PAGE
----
So you thought Google Android 5.0.1 was all new and stuff? Meet Android 5.0.2.

Google just released a new factory image for the 2012 WiFi-only Nexus 7 tablet, and it’s based on Android 5.0.2.


The LRX22G firmware is available for download from Google’s Nexus factory images website. There are also new binaries available, with updated software for the graphics, camera, touch panel, wireless chips, and more.

Google hasn’t said what’s new in Android 5.0.2, but it’s likely that the update is mostly designed to fix bugs found in earlier versions of Android 5.0 Lollipop and later. In fact, Google never got around to releasing Android 5.0.1 for the 2012 Nexus 7 at all. The company went straight from version 5.0 to 5.0.2.

Note that installing a factory image will wipe all data from your device (unless you take some special precautions which might do more harm than good in some situations). So if you’re looking for an easy, relatively safe way to update, you’ll probably want to wait until Google releases an over-the-air update. But the factory image will let you update right now if you really must… and it’s the first bit of evidence that Android 5.0.2 is even a thing.

There’s no word on whether we’ll start to see Android 5.0.2 updates for other Nexus devices anytime soon, but the 5.0.1 update certainly didn’t squash all the bugs introduced with Lollipop.

Update: Android 5.0.2 has also been submitted to the Android Open Source Project.

via /r/Android and Droid Life

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10 replies on “Google releases Android 5.0.2 for the Nexus 7 (2012)”

  1. I can’t stress enough how much doing a factory reset on my 2012 Google Nexus has improved the performance.

    I too was suffering from horrendous lag on my tablet with Lollipop. I tried the Dalvik cache wiping procedure without any success (in performance enhancements). Doing the factory reset made it feel like a whole new tablet.

    I haven’t tried this latest update, but now that it’s running faster than ever (lately), I’m not inclined to mess with it right now.

  2. After running CyanogenMod 11 on my 2012 N7 for ages, I was interested to see how Lollipop looked, and I was as horrified as everyone else by how the 5.0 “update” struggled. It really shows up how polished and usable CM11 is. I’ve gone back, and I don’t think my N7 will ever see Lollipop again.

    1. what you’re going to do once CM 11 isn’t supported anymore? You have to move on at some point, it’s not wise to run a OS that’s outdated and unsupported.

  3. This is good news for my Mom. I allowed the 5.0 update to run on her 2012 N7, and the results were less than good, and she struggles with it every day. I was offered 5.0.1 on my 2013 N7, but waited — and eventually the offer was taken away. Who would have thought that upgrading would be so risky? :/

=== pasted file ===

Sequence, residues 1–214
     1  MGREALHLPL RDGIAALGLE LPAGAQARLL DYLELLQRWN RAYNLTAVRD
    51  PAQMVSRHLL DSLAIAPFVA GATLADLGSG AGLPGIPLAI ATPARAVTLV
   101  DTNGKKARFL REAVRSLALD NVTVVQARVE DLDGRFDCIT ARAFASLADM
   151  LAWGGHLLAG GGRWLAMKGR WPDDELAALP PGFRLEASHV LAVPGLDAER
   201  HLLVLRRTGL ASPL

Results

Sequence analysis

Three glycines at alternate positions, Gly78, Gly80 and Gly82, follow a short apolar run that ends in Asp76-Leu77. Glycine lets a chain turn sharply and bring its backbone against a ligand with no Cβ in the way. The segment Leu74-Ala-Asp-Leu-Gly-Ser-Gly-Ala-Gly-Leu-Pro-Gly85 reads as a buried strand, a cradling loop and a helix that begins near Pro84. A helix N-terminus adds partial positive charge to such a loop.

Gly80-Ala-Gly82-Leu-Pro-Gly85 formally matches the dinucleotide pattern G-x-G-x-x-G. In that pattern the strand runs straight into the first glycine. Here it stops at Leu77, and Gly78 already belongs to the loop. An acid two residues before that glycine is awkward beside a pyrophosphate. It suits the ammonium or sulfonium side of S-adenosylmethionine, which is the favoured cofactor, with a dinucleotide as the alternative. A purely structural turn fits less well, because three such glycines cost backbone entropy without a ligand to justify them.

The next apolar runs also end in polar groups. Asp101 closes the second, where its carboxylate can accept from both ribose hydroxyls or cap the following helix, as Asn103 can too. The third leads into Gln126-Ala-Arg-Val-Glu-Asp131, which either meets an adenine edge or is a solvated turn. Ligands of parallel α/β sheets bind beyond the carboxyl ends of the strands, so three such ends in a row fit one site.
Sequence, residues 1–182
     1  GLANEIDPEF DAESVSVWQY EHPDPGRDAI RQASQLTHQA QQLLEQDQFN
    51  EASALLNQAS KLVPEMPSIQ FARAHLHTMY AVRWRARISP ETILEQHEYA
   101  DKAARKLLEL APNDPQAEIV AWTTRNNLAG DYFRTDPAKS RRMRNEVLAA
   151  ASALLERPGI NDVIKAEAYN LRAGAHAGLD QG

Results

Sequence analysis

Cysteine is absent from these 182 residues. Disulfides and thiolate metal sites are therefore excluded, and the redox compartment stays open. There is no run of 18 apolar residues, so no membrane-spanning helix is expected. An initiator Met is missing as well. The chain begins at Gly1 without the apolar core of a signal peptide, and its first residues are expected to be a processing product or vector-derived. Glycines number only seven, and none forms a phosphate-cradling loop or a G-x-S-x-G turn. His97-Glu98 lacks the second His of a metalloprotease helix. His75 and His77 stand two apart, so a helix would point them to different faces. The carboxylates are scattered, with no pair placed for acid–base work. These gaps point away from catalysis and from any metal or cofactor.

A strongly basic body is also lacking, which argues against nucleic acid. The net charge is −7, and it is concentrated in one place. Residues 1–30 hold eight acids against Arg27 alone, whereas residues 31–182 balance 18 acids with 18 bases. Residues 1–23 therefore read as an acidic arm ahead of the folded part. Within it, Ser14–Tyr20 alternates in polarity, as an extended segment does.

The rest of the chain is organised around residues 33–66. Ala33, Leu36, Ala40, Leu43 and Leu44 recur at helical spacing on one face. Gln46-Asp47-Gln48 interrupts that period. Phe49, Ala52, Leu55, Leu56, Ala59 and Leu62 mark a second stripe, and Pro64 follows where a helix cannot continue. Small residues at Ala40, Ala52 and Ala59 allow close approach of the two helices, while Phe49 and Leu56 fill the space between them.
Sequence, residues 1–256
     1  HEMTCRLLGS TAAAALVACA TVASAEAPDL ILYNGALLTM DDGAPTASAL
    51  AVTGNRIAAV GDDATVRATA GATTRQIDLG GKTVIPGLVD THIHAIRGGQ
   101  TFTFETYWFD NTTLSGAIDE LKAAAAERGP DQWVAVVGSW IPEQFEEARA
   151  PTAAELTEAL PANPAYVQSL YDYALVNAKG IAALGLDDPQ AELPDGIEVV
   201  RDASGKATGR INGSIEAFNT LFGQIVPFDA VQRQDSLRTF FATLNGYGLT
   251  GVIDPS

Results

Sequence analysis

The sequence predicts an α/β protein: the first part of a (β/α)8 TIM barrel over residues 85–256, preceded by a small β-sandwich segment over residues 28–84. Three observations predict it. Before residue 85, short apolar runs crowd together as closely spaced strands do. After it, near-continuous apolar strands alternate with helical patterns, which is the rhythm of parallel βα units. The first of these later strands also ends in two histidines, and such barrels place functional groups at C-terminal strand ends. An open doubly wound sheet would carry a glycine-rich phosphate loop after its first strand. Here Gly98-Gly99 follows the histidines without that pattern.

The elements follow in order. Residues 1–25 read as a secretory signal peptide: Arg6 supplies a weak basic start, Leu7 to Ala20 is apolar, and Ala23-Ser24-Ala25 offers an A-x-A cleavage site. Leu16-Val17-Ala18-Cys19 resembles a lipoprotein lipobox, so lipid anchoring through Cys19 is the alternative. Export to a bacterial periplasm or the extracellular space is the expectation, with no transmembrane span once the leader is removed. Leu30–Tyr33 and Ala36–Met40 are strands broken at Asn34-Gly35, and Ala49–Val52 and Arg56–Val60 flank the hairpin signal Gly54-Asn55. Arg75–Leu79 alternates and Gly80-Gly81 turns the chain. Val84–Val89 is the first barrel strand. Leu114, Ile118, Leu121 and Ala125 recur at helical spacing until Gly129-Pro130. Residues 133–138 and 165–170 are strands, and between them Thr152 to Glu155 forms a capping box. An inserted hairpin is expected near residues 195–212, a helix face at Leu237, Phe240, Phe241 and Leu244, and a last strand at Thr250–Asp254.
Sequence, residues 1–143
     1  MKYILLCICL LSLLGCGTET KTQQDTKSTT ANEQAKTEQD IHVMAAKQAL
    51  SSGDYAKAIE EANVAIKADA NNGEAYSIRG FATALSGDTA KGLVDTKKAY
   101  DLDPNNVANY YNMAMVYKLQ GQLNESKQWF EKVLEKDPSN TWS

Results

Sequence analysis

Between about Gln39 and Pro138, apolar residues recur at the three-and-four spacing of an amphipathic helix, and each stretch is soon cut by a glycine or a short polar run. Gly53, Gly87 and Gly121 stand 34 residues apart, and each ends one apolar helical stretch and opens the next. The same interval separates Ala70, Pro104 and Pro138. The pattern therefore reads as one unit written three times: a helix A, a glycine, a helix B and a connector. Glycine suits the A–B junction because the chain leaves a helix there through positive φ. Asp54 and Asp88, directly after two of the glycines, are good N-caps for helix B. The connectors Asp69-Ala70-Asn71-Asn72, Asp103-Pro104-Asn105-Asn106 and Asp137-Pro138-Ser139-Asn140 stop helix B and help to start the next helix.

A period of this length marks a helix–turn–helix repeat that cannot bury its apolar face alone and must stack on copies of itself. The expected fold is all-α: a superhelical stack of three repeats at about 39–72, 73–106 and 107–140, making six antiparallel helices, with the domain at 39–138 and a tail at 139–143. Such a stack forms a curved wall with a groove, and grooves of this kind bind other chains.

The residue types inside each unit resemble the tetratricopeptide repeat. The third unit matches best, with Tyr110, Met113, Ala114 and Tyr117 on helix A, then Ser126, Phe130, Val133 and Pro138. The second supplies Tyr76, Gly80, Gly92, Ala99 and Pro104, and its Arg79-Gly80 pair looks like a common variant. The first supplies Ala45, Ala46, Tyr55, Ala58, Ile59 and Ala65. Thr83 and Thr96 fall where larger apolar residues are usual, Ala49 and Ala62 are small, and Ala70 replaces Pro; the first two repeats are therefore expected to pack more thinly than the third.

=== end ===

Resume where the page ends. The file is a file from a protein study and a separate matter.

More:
1. It’s one of the reasons I don’t mind having a non-Nexus device for my primary business phone. Although problems occur even after all the time and testing the carriers do on updates, but waiting isn’t all bad.

  4. Hopefully this will make it usable again. The initial update to 5 left my 2012 N7 a lethargic dragging mess. Useless is overstating it perhaps – but not by much. ‘So slow that you’d rather spend time sticking splinters in your legs than bother to use the tablet for anything’ would perhaps be more accurate.
    I have elected not to update the N72 so far for fear it would be a similar problem – even though the hardware there is a generation newer of course.

    1. Well I just picked up the N7 2012 for the first time in a week to check for this update. I was not remembering things clearly when I commented above. ‘Unusable’ is an extremely accurate description of what the Android 5 update did to that tablet.
      All I did was spend the last few minutes checking to see if an update was available on it (because it took that long to do) and I’m pretty sure my heart rate has tripled from stress. I need to go stare at the fish tank now.

  5. So do I have to jump through a bunch of hoops to get Android 5 for my Nexus 7? I am still at 4.4.4. Or are they offering this update via the “check for updates” under “about”?

    1. Neither… just wait a little while for Google to roll out an over-the-air update. You’ll get a notification on your device and you can just follow the instructions.

      I probably should have mentioned that… in fact, I’ll go ahead and update the article.

      The factory images would provide a shortcut, allowing you to update immediately. But doing that would essentially perform a factory reset on your device, wiping all of your data. So if you’ve never installed a factory image before (or don’t feel like reading up a bit on the process), you might not want to go that route.

      1. Well, I have installed 5.0.2 and it made my N7 2012 useful again. It’s fast – well not as fast as my Tab S, and it makes for a perfect bedside unit. Bravo.

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